Postgres aims to help teams build applications, protect data integrity, and manage data more efficiently. Although its core platform has been around for more than 30 years, the system is evolving to meet users’ needs. Postgres is now expanding from an open-source relational database to an enterprise-class platform.
But what are the benefits of Postgres, and how can you optimize the platform to fit your business needs?
Migrating from one platform to another can be tricky. During the transition to a new database like Postgres, you want to maintain functionality while keeping costs and migration time to a minimum.
But migration isn’t all about the technical aspects. According to Julian Moffett, who moved his company from Oracle to Postgres, technical challenges are just 10% of the problem. You also have to get your application team on board and demonstrate the business case for a system transition.
So what benefits can you present to get your team on board and work toward a seamless migration? One of the major advantages of Postgres is scalability. Data growth has been a concern on the Oracle platform because the environment is getting too big and costs are rising. With Postgres, you can scale without the high costs. Additionally, Postgres provides high availability, extensibility, and security features.
Is it better to build your own system, or buy a pre-packaged module?
Ultimately, it comes down to your specific business and its needs. For one of Gunjan Goel’s clients, the process of designing a new target platform and building from the ground up took almost 10 months. However, they figured out what data structures they could put on the cloud, what they could keep on-prem, and how data performance could be enhanced as they moved onto their target platform. Once they got their new structure up and running, they were able to see performance improvement, which surpassed the time, energy, and cost of building out their platform. Plus, opting to build allowed them to differentiate their platform.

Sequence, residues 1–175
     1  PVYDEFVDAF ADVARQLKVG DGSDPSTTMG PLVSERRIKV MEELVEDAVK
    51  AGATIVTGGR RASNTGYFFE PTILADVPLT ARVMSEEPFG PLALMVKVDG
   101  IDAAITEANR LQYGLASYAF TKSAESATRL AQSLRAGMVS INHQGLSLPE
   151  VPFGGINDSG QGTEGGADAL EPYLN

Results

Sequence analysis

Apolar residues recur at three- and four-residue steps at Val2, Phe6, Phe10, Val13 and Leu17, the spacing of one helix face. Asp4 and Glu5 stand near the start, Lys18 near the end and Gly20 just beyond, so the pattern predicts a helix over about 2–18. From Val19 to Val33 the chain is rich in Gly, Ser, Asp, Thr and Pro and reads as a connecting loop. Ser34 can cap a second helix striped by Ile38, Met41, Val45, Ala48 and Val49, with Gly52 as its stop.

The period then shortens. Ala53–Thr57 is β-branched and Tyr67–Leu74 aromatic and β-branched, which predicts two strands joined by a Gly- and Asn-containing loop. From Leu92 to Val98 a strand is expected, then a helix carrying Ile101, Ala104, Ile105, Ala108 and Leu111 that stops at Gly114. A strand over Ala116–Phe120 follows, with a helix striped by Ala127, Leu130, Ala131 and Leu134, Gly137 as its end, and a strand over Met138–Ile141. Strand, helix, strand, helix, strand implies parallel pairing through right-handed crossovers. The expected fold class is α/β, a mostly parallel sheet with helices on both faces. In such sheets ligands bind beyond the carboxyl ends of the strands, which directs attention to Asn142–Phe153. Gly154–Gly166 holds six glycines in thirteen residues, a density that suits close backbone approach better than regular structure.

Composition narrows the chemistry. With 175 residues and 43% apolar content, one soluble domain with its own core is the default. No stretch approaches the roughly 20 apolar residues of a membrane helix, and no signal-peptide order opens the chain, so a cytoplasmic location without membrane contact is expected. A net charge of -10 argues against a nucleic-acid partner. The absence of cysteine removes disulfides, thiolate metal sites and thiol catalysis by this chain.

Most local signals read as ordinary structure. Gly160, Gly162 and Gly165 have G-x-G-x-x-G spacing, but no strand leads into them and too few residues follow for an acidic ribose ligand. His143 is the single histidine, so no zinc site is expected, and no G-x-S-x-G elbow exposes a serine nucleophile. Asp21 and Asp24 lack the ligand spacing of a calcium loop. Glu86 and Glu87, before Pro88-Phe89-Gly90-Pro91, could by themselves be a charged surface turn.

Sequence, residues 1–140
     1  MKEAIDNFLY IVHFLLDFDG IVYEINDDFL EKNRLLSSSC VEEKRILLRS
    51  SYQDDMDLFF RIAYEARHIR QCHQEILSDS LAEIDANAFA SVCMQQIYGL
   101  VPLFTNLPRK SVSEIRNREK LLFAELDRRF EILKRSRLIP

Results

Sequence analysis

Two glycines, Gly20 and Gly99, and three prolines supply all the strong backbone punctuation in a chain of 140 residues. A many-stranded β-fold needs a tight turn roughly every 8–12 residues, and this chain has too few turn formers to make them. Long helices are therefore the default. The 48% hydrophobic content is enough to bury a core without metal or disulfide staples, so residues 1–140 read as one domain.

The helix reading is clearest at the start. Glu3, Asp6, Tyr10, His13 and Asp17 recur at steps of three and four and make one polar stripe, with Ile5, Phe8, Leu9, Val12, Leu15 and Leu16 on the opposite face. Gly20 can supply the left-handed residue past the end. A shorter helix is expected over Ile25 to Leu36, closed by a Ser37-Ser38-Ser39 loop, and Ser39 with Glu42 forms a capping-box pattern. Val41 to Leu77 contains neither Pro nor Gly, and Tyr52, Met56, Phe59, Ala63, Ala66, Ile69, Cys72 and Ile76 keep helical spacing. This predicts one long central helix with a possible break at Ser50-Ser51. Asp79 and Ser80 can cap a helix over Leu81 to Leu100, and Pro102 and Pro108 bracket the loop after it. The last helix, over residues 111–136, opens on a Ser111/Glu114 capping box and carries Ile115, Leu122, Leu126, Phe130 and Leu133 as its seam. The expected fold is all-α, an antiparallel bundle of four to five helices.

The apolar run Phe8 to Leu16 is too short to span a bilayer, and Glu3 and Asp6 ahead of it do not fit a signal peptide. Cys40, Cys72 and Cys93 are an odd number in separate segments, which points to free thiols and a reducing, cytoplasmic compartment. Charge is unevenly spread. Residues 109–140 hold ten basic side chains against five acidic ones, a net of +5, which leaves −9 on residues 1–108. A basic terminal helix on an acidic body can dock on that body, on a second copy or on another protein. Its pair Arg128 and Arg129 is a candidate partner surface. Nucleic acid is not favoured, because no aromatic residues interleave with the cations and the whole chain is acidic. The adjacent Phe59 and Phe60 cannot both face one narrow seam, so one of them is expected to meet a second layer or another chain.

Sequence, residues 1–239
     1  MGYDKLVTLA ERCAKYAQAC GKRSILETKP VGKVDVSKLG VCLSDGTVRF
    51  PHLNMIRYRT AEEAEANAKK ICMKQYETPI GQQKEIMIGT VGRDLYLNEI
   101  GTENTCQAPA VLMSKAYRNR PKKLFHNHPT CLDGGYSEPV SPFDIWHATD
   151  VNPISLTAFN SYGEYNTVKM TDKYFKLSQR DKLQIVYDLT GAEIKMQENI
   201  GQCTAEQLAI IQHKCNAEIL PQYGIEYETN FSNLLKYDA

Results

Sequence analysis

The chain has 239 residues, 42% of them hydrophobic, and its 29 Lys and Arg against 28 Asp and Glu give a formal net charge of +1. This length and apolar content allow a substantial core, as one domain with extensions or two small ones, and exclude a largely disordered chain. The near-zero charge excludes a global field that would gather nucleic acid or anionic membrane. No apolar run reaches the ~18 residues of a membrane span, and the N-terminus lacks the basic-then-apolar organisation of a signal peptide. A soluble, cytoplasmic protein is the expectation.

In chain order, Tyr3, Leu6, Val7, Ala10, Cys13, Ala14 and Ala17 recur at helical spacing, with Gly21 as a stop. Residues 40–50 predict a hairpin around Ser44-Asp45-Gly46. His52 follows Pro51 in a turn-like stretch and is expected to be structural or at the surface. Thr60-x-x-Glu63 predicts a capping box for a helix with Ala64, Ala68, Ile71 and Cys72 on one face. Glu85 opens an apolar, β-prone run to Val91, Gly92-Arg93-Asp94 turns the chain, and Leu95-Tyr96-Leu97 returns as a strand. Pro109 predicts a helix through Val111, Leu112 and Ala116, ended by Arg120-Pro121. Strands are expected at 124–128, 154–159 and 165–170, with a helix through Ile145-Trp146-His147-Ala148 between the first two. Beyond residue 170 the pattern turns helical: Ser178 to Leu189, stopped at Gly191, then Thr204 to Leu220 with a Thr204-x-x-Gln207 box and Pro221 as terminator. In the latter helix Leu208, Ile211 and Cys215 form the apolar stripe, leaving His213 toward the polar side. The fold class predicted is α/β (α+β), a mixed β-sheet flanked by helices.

Of course, there are pros and cons to each option, but Gunjan suggests that companies combine the build and the buy and expand their platform with an open-source mindset. You don’t have to lock yourself into a pre-set product, but it’s helpful to use pre-built options to jumpstart your systems. Once the pre-built systems are in place, you can build on top of it and expand with your own designs.
Postgres isn’t just a database — it’s an entire ecosystem. So, when you successfully build out your platform by optimizing tools, you’ll see improved performance throughout your database and processes.
The different tools within Postgres work together to provide a reliable and stable platform, ensuring that critical components like automation, data backup, and data monitoring are supported (and efficient). But how does the investment compare to other platforms like Oracle, and is it really worth it?
Companies that have made the switch have found that Postgres fosters higher availability, less downtime, monitoring solutions, and tools for improved team productivity. With Postgres, you can also have greater flexibility within your database and customize your platform to fit your business needs, which, in turn, improves the overall performance of your company.
Although Postgres may have an investment upfront, many companies are finding that it outweighs the cost of a database that just isn’t working for you anymore. And as the platform’s capabilities continue to develop at a rapid rate, companies are seeing just how valuable Postgres is in the future of digital architecture.